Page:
What was peculiar in all of the responses to the tweet was that traditional marriage was the most important. It begs the question of what makes a white wedding so special…
By Sybil Fekurumoh
When we think of weddings, we think of white dresses and tuxedos, bridal troupes, officiating ministers, walking down aisles, and other fanfare. A long time ago, during my early twenties, I was having a conversation with my father when the talk naturally transitioned into a conversation about marriage.
I began to chatter about my dream wedding: a grand entrance, a flowing white dress, and reading threadbare wedding vows. My father quizzed me about a “traditional marriage” ceremony, and I brushed it off as unnecessary. A mutual parlour meeting between both families would suffice. He gives me a look like I just bumped my head, and tells me that’s never going to happen.
Across cultures and laws, marriage is a recognisable union between spouses, and could be considered an achievement by many. To that end, couples may choose to have their union recognised in different ways, and for various reasons according to laws, traditions, and preferences. In the real sense of the word, a traditional ceremony bounds how marriage is done in different regions, but in the African context today, there is a split between the “traditional” marriage ceremony and a “white wedding.”
It is normal to have different marriage ceremonies to publicly recognise a marriage union. The traditional marriage ceremony is typically done according to culture, which may include among other things, family acknowledgement and consent, and a dowry payment, while a white wedding typically involves a church ceremony that is blessed by a clergyperson.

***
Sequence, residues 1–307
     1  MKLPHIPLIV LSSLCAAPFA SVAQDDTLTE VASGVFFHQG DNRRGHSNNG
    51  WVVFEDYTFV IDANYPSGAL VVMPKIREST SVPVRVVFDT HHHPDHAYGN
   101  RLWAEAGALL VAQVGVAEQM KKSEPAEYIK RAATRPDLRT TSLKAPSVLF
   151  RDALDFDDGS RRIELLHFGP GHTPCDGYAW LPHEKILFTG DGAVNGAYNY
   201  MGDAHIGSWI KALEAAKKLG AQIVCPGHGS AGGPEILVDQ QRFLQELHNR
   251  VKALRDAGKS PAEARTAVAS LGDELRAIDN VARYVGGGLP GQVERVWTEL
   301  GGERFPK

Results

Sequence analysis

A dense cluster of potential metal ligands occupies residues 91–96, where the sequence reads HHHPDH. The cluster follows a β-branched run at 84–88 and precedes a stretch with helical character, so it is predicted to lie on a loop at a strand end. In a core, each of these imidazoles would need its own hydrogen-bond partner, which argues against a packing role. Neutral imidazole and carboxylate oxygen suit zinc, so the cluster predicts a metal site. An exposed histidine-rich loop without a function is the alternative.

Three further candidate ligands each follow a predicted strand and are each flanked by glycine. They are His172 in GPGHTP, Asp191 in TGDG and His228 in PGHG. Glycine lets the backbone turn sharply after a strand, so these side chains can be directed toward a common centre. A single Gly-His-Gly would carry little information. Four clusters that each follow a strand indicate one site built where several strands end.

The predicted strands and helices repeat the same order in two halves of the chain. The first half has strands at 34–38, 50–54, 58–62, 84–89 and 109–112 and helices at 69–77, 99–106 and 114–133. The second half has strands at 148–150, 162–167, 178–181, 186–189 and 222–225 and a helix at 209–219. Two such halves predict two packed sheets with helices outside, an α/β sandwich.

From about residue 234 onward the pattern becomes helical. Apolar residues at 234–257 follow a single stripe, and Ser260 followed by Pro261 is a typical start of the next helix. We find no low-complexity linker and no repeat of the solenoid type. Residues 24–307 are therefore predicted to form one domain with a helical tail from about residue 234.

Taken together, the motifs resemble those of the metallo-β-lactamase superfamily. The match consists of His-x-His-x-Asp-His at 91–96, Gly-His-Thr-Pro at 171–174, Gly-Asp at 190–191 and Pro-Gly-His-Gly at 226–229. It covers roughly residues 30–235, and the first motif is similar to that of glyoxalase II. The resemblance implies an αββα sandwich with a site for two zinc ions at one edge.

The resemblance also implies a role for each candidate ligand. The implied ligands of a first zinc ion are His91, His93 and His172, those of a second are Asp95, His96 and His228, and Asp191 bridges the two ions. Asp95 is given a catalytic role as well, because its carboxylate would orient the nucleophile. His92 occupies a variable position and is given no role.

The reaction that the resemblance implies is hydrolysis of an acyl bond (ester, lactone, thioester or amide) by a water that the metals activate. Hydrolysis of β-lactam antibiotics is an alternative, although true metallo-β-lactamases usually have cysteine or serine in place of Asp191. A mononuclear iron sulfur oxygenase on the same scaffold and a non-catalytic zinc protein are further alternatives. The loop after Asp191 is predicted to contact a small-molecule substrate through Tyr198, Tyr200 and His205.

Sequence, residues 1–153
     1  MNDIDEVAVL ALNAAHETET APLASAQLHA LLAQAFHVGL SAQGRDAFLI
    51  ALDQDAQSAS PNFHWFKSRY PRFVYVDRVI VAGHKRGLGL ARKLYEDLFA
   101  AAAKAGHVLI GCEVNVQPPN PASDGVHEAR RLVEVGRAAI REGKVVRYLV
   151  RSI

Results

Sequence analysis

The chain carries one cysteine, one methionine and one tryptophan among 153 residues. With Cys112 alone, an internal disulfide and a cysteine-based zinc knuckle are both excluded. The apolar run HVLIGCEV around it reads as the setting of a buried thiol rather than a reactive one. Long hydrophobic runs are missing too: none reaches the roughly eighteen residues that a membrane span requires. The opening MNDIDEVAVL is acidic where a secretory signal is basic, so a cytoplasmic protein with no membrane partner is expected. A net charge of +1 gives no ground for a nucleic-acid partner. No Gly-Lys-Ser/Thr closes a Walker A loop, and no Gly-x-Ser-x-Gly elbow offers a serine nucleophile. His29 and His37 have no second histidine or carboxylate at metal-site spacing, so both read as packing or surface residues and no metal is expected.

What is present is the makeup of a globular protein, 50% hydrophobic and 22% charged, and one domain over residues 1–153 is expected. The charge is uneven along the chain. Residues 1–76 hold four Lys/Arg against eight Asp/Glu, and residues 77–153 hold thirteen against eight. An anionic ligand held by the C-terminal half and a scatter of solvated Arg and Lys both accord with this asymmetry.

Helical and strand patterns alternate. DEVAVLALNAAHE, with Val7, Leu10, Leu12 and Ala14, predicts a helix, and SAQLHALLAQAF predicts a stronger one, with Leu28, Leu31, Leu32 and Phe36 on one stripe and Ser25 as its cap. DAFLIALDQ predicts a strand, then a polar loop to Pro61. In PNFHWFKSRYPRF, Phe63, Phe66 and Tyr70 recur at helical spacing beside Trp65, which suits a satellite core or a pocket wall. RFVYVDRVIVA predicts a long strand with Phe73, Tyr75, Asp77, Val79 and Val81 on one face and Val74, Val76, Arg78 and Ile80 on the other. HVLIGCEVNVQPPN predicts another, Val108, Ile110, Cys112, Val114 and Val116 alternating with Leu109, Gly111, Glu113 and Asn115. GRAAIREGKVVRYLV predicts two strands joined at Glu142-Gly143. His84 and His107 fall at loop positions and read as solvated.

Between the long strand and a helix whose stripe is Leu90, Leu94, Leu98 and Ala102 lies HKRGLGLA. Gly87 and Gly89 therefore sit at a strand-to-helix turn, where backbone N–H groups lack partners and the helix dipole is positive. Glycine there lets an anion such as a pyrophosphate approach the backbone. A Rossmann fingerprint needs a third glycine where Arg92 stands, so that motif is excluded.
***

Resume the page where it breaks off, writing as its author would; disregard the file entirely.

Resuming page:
For several younger people, much like my younger self, having a white wedding today is a hill to die on, and in some scenarios, a marriage union is only considered final after a white wedding ceremony. For a fact, it has become the norm now, to have both ceremonies. As celebrations in Africa tend to be grandiose, more so for weddings, having all of these different ceremonies may stretch for days or months.
But, interestingly, in the hierarchy of relevance, many social groups recognise that a traditional marriage ceremony supersedes a white wedding. In the Shona culture in Zimbabwe, for example, the traditional marriage, called the roora, is a mandatory ceremony before a white wedding can be had. A few weeks ago, I came across a tweet that threw a jab at Africans having several marriage ceremonies as a form of an identity and cultural crisis. What was peculiar in all of the responses to the tweet was that traditional marriage was the most important. It begs the question of what makes a white wedding so special.
Only Africans will do white wedding, traditional wedding and court wedding . I have never seen any worse identity crisis and cultural confusion like this.
— Adémola (@OgbeniDemola) February 10, 2023
We’ll travel back in time to understand this modern dilemma. The white wedding as we know it is the traditional wedding ceremony originally held in churches in western societies, predominantly in the UK, with the white dress made popular during the Victorian Era when Queen Victoria, wearing a white dress, married Prince Albert. By the 19th and well into the 20th century, white weddings became common in Africa. This western style was seen as the Christian ideal, with the white dress signifying sexual purity, prosperity, and commitment to couples.
Judith, who had both a traditional and white wedding ceremony, considers the traditional marriage to be more important, and only wore the white dress to make a point. “Aside from honoring people and becoming a role model for my younger ones as a bride, one of the reasons was to symbolise the purity (virginity) was still intact, even though it was just for show,” Judith disclosed.